Notable academic work in this area is carried out by the Pain and Policy Studies Group of University of Wisconsin-Madison (link). Among other activities, they monitor global opioid consumption data and run ‘International Pain Policy Fellowships’ (link), which train national champions of the cause to identify and overcome barriers to the use of opioids in their countries. The programme has had numerous in-country successes. If the Pain and Policy Studies Group (PPSG) can be convinced to receive charitable funding for this venture, it might provide a viable future option for EAs interested in this cause area, but data are very few and the impact of this programme is hard to measure.
Popular media lends some attention to the cause (example - a moving Al Jazeera documentary). The Economist Intelligence Unit ran a study on the quality of death throughout the world, a component of which involved evaluating access to pain relief medications (ref).
Substantial work on the ground is carried out by numerous national and local civil society and medical organisations that are too many and too heterogenous to list here. While these groups are essential to the end goal of increasing access to pain relief, and while many are funding constrained, my intuition says an EA should probably aim to donate to or work on upstream bottlenecks to maximise impact.
Issues for further investigation
The impact of increasing access to pain medications is unclear. The problem is large in quantity, and severe in quality. Negative utilitarians or EAs with a focus on extreme suffering will especially value access to analgesia. But it is not obvious whether suffering alleviated by increasing human access to pain relief is greater than can be achieved by other global health interventions or EA cause areas such as animal charities. Increasing access to these medications probably has extremely small long term indirect effects relative to other health or development interventions (though there is some evidence that palliative care is a cost effective health intervention by reducing hospitalisations, thus enabling money to be spent elsewhere in the health system). There is nevertheless something significant to be said for upholding a minimum amount of human dignity, currently denied to those without access to pain relief. And because the dead cannot advocate their past plight, there is at least one reason to believe that the cause may be neglected compared with other global health causes.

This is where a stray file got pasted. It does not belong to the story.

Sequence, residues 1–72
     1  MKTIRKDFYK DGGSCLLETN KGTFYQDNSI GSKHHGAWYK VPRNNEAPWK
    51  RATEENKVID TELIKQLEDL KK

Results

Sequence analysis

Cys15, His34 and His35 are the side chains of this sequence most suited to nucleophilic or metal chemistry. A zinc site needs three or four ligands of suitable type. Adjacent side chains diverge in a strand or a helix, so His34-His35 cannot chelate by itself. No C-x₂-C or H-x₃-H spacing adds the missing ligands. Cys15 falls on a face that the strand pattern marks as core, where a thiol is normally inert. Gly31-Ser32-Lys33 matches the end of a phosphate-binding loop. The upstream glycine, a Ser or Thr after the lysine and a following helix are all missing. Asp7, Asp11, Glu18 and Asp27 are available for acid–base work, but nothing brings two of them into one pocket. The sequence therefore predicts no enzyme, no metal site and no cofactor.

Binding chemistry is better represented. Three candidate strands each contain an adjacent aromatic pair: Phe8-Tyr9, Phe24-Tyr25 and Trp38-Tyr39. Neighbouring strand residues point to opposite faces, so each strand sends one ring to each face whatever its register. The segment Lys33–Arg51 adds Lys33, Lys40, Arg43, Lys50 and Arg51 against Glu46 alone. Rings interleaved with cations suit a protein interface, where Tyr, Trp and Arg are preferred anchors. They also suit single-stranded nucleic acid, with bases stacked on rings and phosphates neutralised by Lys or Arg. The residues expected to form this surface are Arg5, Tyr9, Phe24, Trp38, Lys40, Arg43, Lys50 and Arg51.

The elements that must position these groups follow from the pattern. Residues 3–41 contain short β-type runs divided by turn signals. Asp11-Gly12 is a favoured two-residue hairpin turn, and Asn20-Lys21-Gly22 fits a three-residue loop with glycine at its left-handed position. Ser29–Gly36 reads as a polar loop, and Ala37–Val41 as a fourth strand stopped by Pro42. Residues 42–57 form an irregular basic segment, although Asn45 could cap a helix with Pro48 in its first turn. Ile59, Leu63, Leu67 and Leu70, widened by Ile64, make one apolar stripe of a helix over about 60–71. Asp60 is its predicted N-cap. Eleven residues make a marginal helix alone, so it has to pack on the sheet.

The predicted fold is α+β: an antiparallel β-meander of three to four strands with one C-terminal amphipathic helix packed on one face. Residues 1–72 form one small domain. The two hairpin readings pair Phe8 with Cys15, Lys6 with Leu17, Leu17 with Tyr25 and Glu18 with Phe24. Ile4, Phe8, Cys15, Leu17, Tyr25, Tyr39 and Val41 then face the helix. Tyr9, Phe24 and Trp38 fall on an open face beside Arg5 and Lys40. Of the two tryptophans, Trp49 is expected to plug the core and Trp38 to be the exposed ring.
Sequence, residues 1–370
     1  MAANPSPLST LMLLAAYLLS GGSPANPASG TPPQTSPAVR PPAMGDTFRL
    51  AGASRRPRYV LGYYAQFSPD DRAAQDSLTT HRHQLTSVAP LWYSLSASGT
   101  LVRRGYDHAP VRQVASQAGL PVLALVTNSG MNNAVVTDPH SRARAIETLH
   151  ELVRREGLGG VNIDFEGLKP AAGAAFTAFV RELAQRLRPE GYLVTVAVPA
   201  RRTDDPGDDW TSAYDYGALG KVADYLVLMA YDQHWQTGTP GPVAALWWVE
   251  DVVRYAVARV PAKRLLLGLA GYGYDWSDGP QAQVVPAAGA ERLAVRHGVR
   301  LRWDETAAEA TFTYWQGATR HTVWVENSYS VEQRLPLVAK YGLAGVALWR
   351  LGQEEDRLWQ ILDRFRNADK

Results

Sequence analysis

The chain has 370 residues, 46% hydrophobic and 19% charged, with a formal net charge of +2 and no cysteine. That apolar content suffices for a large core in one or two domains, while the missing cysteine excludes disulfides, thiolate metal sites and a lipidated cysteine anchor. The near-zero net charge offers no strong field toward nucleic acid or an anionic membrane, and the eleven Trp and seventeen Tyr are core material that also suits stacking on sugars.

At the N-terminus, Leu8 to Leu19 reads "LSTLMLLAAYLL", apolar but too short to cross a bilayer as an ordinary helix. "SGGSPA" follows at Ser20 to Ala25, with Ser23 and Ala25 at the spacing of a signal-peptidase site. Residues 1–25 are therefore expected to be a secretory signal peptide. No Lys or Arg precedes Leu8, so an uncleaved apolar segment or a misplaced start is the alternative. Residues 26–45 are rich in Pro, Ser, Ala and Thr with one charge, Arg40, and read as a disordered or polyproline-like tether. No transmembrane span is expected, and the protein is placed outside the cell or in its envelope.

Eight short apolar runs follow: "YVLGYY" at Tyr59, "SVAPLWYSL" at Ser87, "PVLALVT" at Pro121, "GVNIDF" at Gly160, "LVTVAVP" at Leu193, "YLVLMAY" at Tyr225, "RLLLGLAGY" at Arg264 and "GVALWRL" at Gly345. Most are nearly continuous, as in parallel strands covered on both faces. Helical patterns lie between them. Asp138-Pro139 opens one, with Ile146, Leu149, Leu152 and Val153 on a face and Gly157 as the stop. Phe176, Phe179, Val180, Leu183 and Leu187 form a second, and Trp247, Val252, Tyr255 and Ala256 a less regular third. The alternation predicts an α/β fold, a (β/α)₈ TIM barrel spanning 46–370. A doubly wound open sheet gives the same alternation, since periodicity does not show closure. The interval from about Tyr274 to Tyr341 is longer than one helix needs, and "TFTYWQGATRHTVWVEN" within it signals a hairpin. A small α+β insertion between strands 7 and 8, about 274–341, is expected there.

We should include the downside risks of increasing access to analgesics in our impact considerations. While the majority of adverse effects may be avoidable under a well designed access framework, a small number of cases of addiction, dependence, side effects, diversion, abuse, and overdose are almost inevitable with existing painkillers. This does not justify the stringency of current regulations in most countries, but the lessons of the USA and other opioid-afflicted countries cannot be overlooked when designing and implementing interventions to increase access to analgesia in the developing world.
Funding opportunities for EAs:
I am not aware of good opportunities for donations from EAs who wish to donate to this cause. As mentioned above, the PPSG International Pain and Policy Fellowship seems like an especially impactful programme, potentially. More detailed investigation would be needed before a recommendation can be made to donate there. At present, they do not advertise the possibility for individual donations. Identifying advocacy organisations in large countries with some political will (preferably with centralised health system governance) may provide a high impact investment opportunity but, again, measurement is a difficult issue.
I had no idea things were so bad in this area.
I'm so pleased to see this kind of research on the Forum! Thank you for the work that went into this.
Thanks Julia! Glad to have the chance to share